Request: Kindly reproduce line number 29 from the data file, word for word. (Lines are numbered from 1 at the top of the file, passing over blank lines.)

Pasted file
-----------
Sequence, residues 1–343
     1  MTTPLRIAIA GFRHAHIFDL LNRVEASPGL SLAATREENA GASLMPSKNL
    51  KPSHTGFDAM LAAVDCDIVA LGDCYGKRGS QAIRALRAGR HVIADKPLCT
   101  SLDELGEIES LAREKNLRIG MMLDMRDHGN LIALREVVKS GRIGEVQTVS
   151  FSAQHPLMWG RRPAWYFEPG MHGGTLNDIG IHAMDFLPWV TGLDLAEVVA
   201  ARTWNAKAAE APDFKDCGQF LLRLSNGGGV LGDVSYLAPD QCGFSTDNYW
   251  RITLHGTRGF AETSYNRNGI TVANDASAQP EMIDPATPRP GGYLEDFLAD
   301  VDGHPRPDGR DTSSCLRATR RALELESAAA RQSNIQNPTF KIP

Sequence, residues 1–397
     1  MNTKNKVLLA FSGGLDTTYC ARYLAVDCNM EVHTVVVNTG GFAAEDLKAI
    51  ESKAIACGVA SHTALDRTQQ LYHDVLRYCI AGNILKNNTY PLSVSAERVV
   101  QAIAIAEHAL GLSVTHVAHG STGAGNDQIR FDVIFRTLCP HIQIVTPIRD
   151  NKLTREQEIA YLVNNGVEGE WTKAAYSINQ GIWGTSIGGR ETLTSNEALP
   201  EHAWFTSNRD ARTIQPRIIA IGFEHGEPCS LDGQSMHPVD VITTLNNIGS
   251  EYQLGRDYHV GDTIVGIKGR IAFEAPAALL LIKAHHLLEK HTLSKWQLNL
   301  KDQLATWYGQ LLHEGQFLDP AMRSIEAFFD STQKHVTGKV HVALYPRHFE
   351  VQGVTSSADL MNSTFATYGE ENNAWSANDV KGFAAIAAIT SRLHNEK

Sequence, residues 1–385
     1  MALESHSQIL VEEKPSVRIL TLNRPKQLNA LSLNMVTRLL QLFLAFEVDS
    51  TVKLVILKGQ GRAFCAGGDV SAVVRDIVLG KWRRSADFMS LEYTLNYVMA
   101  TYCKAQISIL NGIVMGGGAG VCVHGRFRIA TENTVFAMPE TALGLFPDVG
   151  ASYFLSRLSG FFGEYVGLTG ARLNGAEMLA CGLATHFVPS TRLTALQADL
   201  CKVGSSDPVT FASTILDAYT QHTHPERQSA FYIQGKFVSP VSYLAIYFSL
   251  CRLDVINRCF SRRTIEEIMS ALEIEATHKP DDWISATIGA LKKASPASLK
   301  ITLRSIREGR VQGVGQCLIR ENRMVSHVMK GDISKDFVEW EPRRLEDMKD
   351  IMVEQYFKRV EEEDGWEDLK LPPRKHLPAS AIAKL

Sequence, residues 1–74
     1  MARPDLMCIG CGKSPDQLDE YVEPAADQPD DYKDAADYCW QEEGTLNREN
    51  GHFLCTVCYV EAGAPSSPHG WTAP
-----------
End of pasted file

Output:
    51  GHFLCTVCYV EAGAPSSPHG WTAP